The Melon Seller by artist Theo Michael, a typical scene of a Larnaca street vendor

The moment I said it, I knew I shouldn't have...

A fictional short story for Theo's painting The Melon Seller

I step off the plane and the heat hits me like a slap across the face. I’ve been coming to Cyprus for years, you’d think I would have got used to it by now but, for some reason, it’s still a shock. I don’t really understand how people can live and work in conditions like this.

My husband and I were stationed here in Cyprus and I never really stopped visiting the island, even after he had died. He was a soldier in the RAF and this time I am here for his memorial.
When I arrive, my apartment is not far from the airport, the place is clean and tidy, just as I would expect. Maria my neighbour looks after it for me; it gives her something to do in her latter years.  The first thing I do is switch on the air condition unit.

A few minutes later, and with Greek cakes in their hands, Maria and her husband knock on the door. I invite them in for a coffee and pay them for looking after the flat.  As usual they are in no rush to leave.
I pull out my laptop acting busy, and they finally get the hint. I keep forgetting how the pace of life is so different over here.

Early the next morning I walk along the beach and notice the sun seekers dipping their toes into the water. ‘Oh it is so cold.’

A second voice echoes from someone in the water, ‘Don’t worry, it’s okay once you are in.’

Me, I remove my shirt and place it down neatly next to my sandals. I run and dive straight in, it is so exhilarating. These wimps have obviously never learnt to swim in the North Sea.

After a refreshing swim, I head back to my apartment along the coast road, passing many melon sellers stationed along the side of the street. I learnt, early on, that the vendors have all the same patter. ‘This is the sweetest melon in town.’ At first I believed them, but now I know better. I pass them all by and go a mile out of my way to find Petros, he’s never sold me a bad one yet.

His van is immaculate, well stocked and extremely tidy. A long time ago he explained to me how to spot the good ones. Dark green webbed skin, tap it on the side, a hollow sound should resonate. He claims he can spot one just by looking, of course he would say that.

Unfortunately Petros isn’t there today. I don’t know why, but I’m a little disappointed. Of course how could he know that I was back on the island.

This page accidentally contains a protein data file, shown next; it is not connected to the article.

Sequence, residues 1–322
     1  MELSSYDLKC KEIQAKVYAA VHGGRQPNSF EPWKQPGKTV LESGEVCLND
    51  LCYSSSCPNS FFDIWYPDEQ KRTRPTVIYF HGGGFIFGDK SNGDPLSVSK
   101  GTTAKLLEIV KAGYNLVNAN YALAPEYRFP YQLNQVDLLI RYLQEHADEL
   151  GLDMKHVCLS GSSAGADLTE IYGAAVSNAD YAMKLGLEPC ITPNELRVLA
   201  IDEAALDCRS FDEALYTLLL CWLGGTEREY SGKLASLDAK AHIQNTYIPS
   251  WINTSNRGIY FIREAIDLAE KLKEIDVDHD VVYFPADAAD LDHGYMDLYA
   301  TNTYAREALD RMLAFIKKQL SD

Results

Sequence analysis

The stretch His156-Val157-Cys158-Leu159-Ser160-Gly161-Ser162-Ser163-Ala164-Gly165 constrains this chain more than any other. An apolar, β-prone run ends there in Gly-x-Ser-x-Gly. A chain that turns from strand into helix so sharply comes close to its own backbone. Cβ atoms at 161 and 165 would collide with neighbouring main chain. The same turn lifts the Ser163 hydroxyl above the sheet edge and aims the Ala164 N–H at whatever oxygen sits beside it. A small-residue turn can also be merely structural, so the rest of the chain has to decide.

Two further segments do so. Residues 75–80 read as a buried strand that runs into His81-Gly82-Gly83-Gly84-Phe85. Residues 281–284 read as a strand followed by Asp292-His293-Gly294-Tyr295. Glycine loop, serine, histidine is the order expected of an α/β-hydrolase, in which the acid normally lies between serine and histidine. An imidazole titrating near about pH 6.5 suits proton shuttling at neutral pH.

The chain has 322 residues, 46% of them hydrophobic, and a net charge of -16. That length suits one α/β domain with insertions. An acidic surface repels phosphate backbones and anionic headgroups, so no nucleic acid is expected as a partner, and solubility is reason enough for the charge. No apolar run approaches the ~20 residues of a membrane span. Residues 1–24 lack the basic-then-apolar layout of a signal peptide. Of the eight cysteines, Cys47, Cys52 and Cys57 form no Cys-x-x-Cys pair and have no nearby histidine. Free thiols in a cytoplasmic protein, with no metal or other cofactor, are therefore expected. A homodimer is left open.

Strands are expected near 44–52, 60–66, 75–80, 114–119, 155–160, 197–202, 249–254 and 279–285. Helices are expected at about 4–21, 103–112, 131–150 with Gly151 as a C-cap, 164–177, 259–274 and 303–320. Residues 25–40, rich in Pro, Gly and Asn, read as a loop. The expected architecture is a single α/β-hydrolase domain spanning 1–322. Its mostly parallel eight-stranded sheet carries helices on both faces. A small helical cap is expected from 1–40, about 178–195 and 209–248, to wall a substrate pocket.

Returning the next day, the sun’s out again and I spot him. His shirt is off. He’s wearing a hat with his trademark cigarette hanging from his lips. A broad grin appears on his face. ‘Sophia, you are back. It’s lovely to see you again.’ He guides me to a small table and chairs under a large umbrella. The sea breeze is cool and fresh as he brings me a fresh cup of tea; I sometimes wonder if he keeps a box of teabags just for me. It’s his genuine warmth that keeps me returning to his van. It’s not about business. He’s not concerned if I’m buying a melon or anything else.

We chat like long lost friends. However, different cultures see things in a different way and like a fool I asked him if he wanted to do more with his life.
Did he ever think of starting a real business, or a proper job? The moment I said it, I knew I shouldn’t have. If it hurt him, he never let on. He pulls his chair closer, looking me in the eye and says. ‘Have you ever noticed the amount o lemon and orange trees here in Cyprus? They grow in abundance. A few years ago, I decided to sell more than just my melons. I had ambition and I wanted to be different. We are known for our beautiful potatoes. I began to plant and grow these, soon expanding to a vast variety of vegetables. My van was becoming very popular. You should have seen it, people were cueing just for my tomatoes. It was a good start but I wanted more. Soon I employed my brother to run a van on a corner in the next village. I had two vans now and I was very proud of myself. The demand grew and soon we were running six vans on the road and along with it came staff. The Inland Revenue came knocking. I now had to employ an accountant. With his advice we soon started supplying the major supermarket chain in our area. It was very successful. I got up at the crack of dawn making sure the fields were harvested and the shops were supplied.

Money was coming in, and yes, my lifestyle changed. And yes I had a bigger car and a bigger house, but happier, I don’t know. Naively I never thought to look ahead. I should have guessed when disputes began with my main customer.

It all came to a crash when this supermarket chain went bankrupt just over night. They owed me for 12 months of supply. I never saw a penny from them and I was unable to pay my staff and my bills. I cried, not only for myself, but for my staff and their families.

So in answer to your question, yes I did consider running a business, but in all that time what I really missed most, was sitting by my melon van, basking in the sun, enjoying my cigarette and engaging with friends like you, like I am doing now.

He smiles, stands up and looks at me,’ more tea?’ he asks.

I see him in a different light. He seems much wiser now, assured and full of confidence. He is enjoying life, something I had forgotten how to do.

Story written by Theo Michael and Neil Smith


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